採訪/陳漢 編輯/宋風 後製/李勇
Chinese Scholar: China’s Academic Institutions Serve Only the Party
Xia Yeliang, one of China’s most outspoken liberal
scholars, was recently removed from Peking University.
This event has aroused concern among
academics, both at home and abroad.
Xia Yeliang supports a free market economy, and is an
advocate for the establishment of a liberal democracy.
He is also concerned about academia in China.
He thinks Chinese academic institutions have
become institutions that only serve the Party.
They are filled with plagiarism and deceptive
work, with little valuable research results.
Xia Yeliang is very outspoken, so under the current
ruling regime, his treatment does not come as a surprise.
Xia Yeliang was an Associate Professor
at Peking University School of Economics.
During his tenure as a visiting scholar at the
Hoover Institution at Stanford University this
August, Xia spoke to international media.
He commented on how academic research at U.S.
universities, as well as U.S. think tanks, was completely
independent of the government, and of political parties.
Chinese academic institutions have become institutions
that serve the Chinese Communist Party (CCP).
Xia Yeliang commented that in China, the
opinion of economists does not really matter.
The role they can play is to write some policy reports.
They have to demonstrate the correctness and feasibility
of an idea based on the ideas of the central leadership.
If you don’t like the ideas expressed by the central
leadership, it is not possible to raise these objections.
In mid-October, Peking University
terminated Xia’s employment.
Why there is no place for Xia Yeliang in the CCP system?
Most people believe it is because of his anti-CCP comments.
Sun Wenguang, retired professor, Shandong
University: “If you do research according to
instructions from superiors, there is no problem.
If your research is beyond the scope of his delineation,
or has a critical angle, they will stop funding approvals.
Even your work is difficult to protect.”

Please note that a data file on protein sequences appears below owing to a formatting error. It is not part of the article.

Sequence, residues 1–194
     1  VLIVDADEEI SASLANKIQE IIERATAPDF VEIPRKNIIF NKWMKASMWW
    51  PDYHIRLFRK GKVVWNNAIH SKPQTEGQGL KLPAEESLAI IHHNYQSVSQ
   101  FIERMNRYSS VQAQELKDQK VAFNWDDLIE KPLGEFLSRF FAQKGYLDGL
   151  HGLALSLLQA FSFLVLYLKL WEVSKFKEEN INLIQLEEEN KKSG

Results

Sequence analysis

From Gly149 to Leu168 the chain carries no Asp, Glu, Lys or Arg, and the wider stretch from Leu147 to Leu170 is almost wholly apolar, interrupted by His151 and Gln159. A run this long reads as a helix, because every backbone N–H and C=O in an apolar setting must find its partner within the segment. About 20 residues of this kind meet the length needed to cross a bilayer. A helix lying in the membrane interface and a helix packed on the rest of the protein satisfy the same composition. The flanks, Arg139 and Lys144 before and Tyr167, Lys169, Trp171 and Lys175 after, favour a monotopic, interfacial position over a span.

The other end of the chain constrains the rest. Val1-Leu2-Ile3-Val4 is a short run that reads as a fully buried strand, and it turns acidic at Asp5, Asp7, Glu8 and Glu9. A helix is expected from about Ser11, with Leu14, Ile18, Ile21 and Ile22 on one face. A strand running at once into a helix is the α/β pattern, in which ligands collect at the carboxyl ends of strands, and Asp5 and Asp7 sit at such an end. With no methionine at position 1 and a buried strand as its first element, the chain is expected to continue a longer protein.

If the overriding environment in China does not change,
there is no guarantee that other higher learning institutions
will dismiss other ‘dissident academics’, like Xia Yeliang.
53-year-old Xia Yeliang, was listed as one of China’s hundred
most influential public intellectuals for four consecutive years.
In May 2009, Xia Yeliang published “An open
letter to Propaganda Minister Liu Yuanshan.”
He sharply criticized the strict controls on media
and ideology, and the dissemination of knowledge.
In addition, plagiarism is endemic
in academic research in China.
Research units don’t care about the
research, but focus on the funding.
In the humanities, Xia considers that less
than 5% of research has any real value.
Xia Yeliang further commented that China will not have
a real academic research if there are no independent
academic institutions and independent intellectuals.
China’s educational system, under one-party dictatorship,
only cultivates cynics, rather than independent intellectuals.
Liu Yinquan, a U.S. based Chinese history professor,
thinks that the CCP tampered with many historical facts.
Liu Yinquan: “I was engaged in historiography.
When I was in college, I had said in class lectures
that China’s historians have become political slaves.”
Liu Yinquan said that the CCP is actually a branch
of the Comintern, or international Communism.
It therefore served for the interests of the Soviet Union, and
later ceded large tracts of China’s land to the Soviet Union.
Now the CCP said that it is patriotic and others are traitors.
Liu also pointed out that descriptions of the
Anti-Japanese War, as well as the Northern and
the late Qing Dynasty is far from historical fact.
Xia Yeliang published an article in “Phoenix Magazine.”
He commented that the country’s young people, under
18 years old are minors, and should only accept an
education free of any political ideology or indoctrination.
We should teach them natural, geographical, objective,
historical facts with a sense of society, ethics, and law.
Until 18 years old, they should be allowed to
access political beliefs, to form their own opinions.
Liu Yinquan: “Academia in China, from kindergarten,
through university to doctoral graduate, requires acceptance
of educational indoctrination, being fed with toxic culture.”
Xia Yeliang was already well prepared to be suppressed.
He commented on Twitter and his microblog
that, “I will not commit suicide in the future.
This is regardless of whether I am suffering illness,
political persecution, life hardships or other conditions.
If it is reported I committed suicide, it must have been framed.
Accident or drowning is also not credible. I have no other
enemy, except the tyranny of the CCP. I leave this on record”